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Thursday, September 15, 2011

Somalia Pleads for More Troops

Bottom Line Up Front
Several years ago I had been flown to the Horn of Africa as an analyst focused on Somalia. I said it then, have said it for the years since, and will say it continually: The Transitional Federal Government (TFG) and al-Shabaab conflict together are the grandest and most successfull money making scheme in the history of mankind. Any perceived gains by the TFG are most assuredly orchestrated to "prove" their stability and be used as collateral for more money. Whether or not the TFG can attain the milestones set by the UN it will bilk donors. Should they not be able to actually accomplish the security goals, the tfg will undoubtedly fall back on its tried and true method of guilting money from international donors. Look for statements like "the world has turned its back on the people of Somalia" and "If we are to succeed, as a global community, other nations MUST show their commitment to us" also "Since we are muslim you are now discriminating against us". The UN will certainly add Somalia to its ever growing list of failed operations.

Somalia pleads for extra troops to UN
(AFP) – 17 hours ago 
UNITED NATIONS — Somalia's prime minister on Wednesday pleaded with the UN Security Council to send more peacekeepers to help his beleaguered government fight Islamist militants.
Prime Minister Abdiweli Mohamed Ali, the UN envoy to Somalia and top African envoys all called for extra military resources to secure the capital Mogadishu, where hundreds of thousands of people have sought refuge from a devastating drought that has already killed tens of thousands.
Never mind the thousands killed by decades of fighting on religious, ideologic, and personal differences.

About 9,000 troops from Burundi and Uganda make up an African Union force that protects the transitional government against Shebab insurgents, who recently abandoned positions in Mogadishu.
Under its UN mandate the force can be up to 12,000 troops and the African Union has stepped up calls for the extra soldiers to be found and for the mandate to allow up to 20,000 troops in Somalia.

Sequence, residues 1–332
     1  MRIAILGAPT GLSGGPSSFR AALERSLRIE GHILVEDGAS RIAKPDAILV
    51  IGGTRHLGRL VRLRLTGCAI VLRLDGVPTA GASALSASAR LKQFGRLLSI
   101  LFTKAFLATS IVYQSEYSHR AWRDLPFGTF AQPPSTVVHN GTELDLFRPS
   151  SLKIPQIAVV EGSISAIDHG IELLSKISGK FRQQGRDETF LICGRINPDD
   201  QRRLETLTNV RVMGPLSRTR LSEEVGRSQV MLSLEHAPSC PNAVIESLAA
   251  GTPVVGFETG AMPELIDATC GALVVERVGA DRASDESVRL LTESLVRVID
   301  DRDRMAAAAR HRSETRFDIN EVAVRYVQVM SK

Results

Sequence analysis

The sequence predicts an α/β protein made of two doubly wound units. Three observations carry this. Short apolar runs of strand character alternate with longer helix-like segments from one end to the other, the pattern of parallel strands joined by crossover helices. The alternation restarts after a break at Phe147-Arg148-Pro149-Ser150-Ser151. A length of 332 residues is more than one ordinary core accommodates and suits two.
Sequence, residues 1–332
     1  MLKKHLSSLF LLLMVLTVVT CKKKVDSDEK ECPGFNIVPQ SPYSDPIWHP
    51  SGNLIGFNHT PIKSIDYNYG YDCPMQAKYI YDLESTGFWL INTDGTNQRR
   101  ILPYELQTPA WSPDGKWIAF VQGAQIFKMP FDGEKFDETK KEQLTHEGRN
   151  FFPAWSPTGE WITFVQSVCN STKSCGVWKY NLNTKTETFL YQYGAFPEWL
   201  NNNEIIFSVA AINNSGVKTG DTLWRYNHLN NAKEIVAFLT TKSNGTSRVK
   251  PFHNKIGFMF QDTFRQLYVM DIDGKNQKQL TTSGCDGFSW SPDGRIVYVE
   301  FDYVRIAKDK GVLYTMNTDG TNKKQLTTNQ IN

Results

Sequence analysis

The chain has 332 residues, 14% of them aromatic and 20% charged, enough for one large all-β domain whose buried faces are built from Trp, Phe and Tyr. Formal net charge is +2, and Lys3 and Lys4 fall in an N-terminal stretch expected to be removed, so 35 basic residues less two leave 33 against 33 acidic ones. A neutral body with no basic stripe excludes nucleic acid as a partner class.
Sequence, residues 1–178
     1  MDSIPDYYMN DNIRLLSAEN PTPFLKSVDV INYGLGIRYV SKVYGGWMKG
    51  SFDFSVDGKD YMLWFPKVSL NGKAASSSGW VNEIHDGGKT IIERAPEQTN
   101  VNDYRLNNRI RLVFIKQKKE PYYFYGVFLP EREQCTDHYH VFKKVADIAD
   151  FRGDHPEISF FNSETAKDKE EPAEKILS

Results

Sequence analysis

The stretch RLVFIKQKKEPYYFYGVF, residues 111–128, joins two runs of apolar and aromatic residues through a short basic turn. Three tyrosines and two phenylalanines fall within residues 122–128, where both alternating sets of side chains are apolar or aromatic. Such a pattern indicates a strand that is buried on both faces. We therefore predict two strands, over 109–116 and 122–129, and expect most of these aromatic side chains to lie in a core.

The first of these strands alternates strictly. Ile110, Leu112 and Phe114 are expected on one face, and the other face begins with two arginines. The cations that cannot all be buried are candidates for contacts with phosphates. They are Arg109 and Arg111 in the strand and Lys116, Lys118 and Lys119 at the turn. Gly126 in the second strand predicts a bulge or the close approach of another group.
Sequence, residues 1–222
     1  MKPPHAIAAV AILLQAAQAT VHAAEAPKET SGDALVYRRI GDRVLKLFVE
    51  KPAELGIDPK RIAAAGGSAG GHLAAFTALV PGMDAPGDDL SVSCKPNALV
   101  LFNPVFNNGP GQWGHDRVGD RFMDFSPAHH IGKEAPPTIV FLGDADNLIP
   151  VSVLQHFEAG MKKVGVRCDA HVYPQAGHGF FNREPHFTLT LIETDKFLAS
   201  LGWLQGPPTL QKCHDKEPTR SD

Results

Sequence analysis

The extra 3,000 troops are "urgently needed to prevent a security vacuum in the areas of Mogadishu vacated by Shebab," the prime minister told a Security Council debate on Somalia.
A security vacuum, really? How is it that an internationally recognized terrorist group was any source of security in Mogadishu? Who was it that al-Shabaab was security against? I would say the TFG and the warlords, like Inde Ahde.

A similar message was given by UN envoy to Somalia, Augustine Mahiga, who warned that Somali warlords are ready to take over areas left by Shebab.
"The extremists are likely to resort to terrorist tactics in Mogadishu and elsewhere," he said. UN Secretary General Ban Ki-moon has called for a special guard force to be deployed in Mogadishu to protect UN officials and civilian workers for the international force.
South Africa's UN envoy, Baso Sangqu, highlighted African Union demands for greater UN support for the military force "to prevent any reversal of the security gains."
These are not security gains, it is simply one criminal organization that stepped into areas abandoned by another violent criminal organation

The weak transitional government has been given another 12 months, until August 2012, to meet targets for establishing an administration and setting up national political talks.
Britain's UN ambassador, Mark Lyall Grant, said that Security Council support for the Somali authorities had to be conditional on the transitional government meeting the targets.
"We expect the transitional federal institutions to demonstrate improved accountability and transparency -- in particular around the allocation and management of resources and to remain united and to refrain from any further internal disputes," said Lyall Grant.
"They should be in no doubt that the UN Security Council will stick to its commitment to make future support contingent on progress against the roadmap," added the envoy, whose country has taken a lead role in giving international help to Somalia.
Let there be no doubt now that the TFG and al-Shabaab are together the largest money making scheme in modern history. Bernie Madoff could not have come up with a better way to bilk, guilt, extort, and steal money from international aid agencies, security organizations, humanitarian organizations, governments, and both public and private donors globally. The “loss of ground” suffered by al-Shabaab is likely a well coordinated and timely conducted move to ensure another year of the TFG hanging on past its charter and to see more money and aid coming in. Note that as soon as the UN stepped up its aid accountability with milestones that must be proven in order to receive more aid al-Shabaab “lost ground” in Mogadishu.

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